Mark Hayward, Chief Executive, NAEA Propertymark comments “Almost half of all house sales fell through before completion in the final quarter of 2018, so concerns from buyers and sellers that it could happen to them are entirely justified. To try and prevent this from happening, there are several things you can do, like using a Propertymark Protected estate agent who will guide you through the process and help you navigate any unexpected events



Property Reporter

9th April 2019


Mortgage rates slashed for buyers with 5% deposits, as lender price war intensifies

Average two-year fixed rate drops to just is 3.3%, Moneyfacts says

A mortgage price war to attract first-time buyers with deposits as low as 5 per cent is intensifying, with providers slashing their rates, analysis has found.

The rate gap between the average two-year fixed-rate mortgage on the market for borrowers with a 5 per cent deposit, and the typical two year-fix for those with a 10 per cent deposit, is now at its smallest in six years, Moneyfacts.co.uk found.

This is despite borrowers with the smallest deposits often being seen as more “risky” and recent reports suggesting uncertainties relating to the economy and Brexit are having an impact on the housing market.

The 0.65 percentage point gap in rates is smallest Moneyfacts has seen since February 2013. The average two-year fixed rate for borrowers with a 5 per cent deposit is 3.30 per cent, while the average rate for borrowers with a 10 per cent deposit for this type of mortgage is 2.7 per cent.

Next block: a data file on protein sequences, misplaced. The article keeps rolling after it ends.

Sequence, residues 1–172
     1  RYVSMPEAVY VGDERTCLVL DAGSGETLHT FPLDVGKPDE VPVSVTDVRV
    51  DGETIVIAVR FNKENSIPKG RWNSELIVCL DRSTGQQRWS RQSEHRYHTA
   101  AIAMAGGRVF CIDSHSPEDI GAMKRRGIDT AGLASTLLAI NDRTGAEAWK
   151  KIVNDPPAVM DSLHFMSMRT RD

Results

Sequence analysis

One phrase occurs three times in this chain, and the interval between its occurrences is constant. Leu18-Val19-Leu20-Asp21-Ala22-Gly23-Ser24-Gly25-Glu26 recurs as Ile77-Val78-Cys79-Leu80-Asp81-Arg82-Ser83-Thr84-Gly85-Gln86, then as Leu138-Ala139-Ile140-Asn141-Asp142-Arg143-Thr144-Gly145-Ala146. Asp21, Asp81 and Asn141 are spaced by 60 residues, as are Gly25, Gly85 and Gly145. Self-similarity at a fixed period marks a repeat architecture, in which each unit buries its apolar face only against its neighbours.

The narrowing rate gap has been driven by “healthy competition” by providers looking to attract people with a 5 per cent deposit, Moneyfacts said.

Darren Cook, a finance expert at Moneyfacts.co.uk, described first-time buyers as the “lifeblood of the mortgage market”.

He said: “Providers need to factor in the greater potential of default on higher-LTV (loan-to-value) mortgages, which is why rates are typically higher at 95 per cent LTV – but as we’ve seen, they’re increasingly willing to sacrifice these margins in order to compete.”

Mr Cook said the average two-year fixed-rate mortgage for borrowers with a 10 per cent deposit has “changed little” since October 2017, increasing from 2.62 per cent by 0.03 percentage points to reach 2.65 per cent now.

Over the same period, the average two-year fixed mortgage rate for borrowers with a 5 per cent deposit has fallen significantly, from 4.19 per cent in October 2017 to 3.30 per cent now.

Mr Cook said: “This is fantastic news for potential first-time buyers who are looking to find their first step on the housing ladder.

“However, even though mortgage rates at the 95 per cent LTV tier are falling, it may not be that simple.

“Since the financial crisis, the Financial Conduct Authority has introduced clear affordability measures that mortgage providers must follow, so potential first-time buyers will still need to jump through several affordability hoops before they find themselves on the property ladder.”

Vicky Shaw

The Independent